What got me to thinking about this today was reading for my Sociology of Religion class.  In this class we are looking at religions around the world, how they change over time, and the development of them.  I am just a few class periods in and I am fascinated!

The question I posed above is rooted in the fact that in many places in Western Europe and the United States, Christianity is thought to be the primary religion of the land.  However, when Christianity was founded, as shown above, it was not the cool thing to be a Christian.  This religion was founded upon being the outcast of the society.  It was founded on being set apart and not like the world.  The idea of a "Christian nation" is in many ways a juxtaposition to the Gospel itself.

What struck me about my reading (Stephen Prothero's God is Not One, 2010) was the statistical numbers that were presented (I won't get into the nitty gritty of those in here, but they are in that book if you are curious).  What is striking is that while Christianity is growing in third world countries, which according to Prothero is due mainly to the Pentecostal church, it is diminishing in Western countries.  Many more people in Western countries are denying any faith in God whatsoever, and are affiliating themselves with atheism or agnosticism.  These are some of the same countries that have identified themselves by their Christian roots.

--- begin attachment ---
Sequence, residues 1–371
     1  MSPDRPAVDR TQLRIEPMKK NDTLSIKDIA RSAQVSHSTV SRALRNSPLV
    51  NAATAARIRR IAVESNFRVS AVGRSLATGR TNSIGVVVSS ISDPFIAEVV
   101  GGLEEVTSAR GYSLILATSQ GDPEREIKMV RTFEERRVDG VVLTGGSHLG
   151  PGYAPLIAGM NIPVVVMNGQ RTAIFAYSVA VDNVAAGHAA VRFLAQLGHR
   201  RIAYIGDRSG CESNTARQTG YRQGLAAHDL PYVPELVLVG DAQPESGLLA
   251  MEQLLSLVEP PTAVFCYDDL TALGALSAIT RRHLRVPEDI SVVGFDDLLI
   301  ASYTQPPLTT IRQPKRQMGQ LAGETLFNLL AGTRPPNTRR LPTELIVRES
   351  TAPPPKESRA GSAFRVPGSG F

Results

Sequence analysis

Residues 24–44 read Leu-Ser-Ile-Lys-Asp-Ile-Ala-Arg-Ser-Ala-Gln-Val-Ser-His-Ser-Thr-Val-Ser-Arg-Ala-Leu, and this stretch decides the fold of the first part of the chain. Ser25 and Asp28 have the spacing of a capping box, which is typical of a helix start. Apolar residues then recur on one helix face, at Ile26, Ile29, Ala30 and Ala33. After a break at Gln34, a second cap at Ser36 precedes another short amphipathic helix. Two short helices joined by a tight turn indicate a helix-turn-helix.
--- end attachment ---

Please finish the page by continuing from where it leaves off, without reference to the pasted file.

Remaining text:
This information is common sense to many people.  What strikes me about it is the way that the Christianity in these so-called "Christian nations" works.  For hundreds of years there has been this we-are-better-than-them mentality that white people in Western parts of the world have had.  We can see this throughout history in the colonization and discovery of the America's, the European imperialism in Africa, and the containment policies of the Truman Doctrine.  Throughout history, a focus has been made on trying to get others to be like us.